Canadian Heritage Minister Pablo Rodriguez released a “What We Heard Report” on the government’s consultation on online harms earlier today. To the government’s credit, the report is remarkably candid as it does not shy away from the near-universal criticism that its plans sparked, including concerns related to freedom of expression, privacy rights, the impact of the proposal on certain marginalized groups, and compliance with the Canadian Charter of Rights and Freedoms. The report provides a play-by-play of these concerns, leaving little doubt that a major reset is required. The government telegraphed a change in approach with the Rodriguez mandate letter, which explicitly stated that the online harms legislation “should be reflective of the feedback received during the recent consultations.”
Archive for February 3rd, 2022
Time to Hit the Reset Button: Canadian Heritage Releases “What We Heard” Report on Online Harms Consultation
Not Ready for Prime Time: Why Bill C-11 Leaves the Door Open to CRTC Regulation of User Generated Content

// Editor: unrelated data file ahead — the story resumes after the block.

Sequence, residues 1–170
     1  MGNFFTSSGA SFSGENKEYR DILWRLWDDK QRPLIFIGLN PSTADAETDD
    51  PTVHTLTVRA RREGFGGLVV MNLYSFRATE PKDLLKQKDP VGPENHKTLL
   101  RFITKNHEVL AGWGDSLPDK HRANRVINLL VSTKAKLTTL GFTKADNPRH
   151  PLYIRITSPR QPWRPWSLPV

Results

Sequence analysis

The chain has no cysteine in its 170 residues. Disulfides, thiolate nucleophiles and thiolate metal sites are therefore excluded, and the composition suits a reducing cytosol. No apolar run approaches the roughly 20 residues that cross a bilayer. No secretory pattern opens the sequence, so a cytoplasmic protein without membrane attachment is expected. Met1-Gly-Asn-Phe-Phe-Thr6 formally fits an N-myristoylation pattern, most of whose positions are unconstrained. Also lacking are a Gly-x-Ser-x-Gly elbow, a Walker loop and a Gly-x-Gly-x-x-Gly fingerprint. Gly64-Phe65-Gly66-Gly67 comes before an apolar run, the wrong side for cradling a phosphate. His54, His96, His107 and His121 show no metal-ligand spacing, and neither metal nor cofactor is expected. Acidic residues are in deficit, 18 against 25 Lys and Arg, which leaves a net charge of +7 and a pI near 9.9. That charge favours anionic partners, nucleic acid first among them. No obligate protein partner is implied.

Canadian Heritage Minister Pablo Rodriguez introduced the much-anticipated sequel to Bill C-10 yesterday. The minister and his department insisted that the new Bill C-11 addressed the concerns raised with Bill C-10 and that Canadians could be assured that regulating user generated content is off the table. Unfortunately, that simply isn’t the case. The new bill, now billed the Online Streaming Act, restores one exception but adds a new one, leaving the door open for CRTC regulation. Indeed, for all the talk that user generated content is out, the truth is that everything from podcasts to TikTok videos fit neatly into the new exception that gives the CRTC the power to regulate such content as a “program”.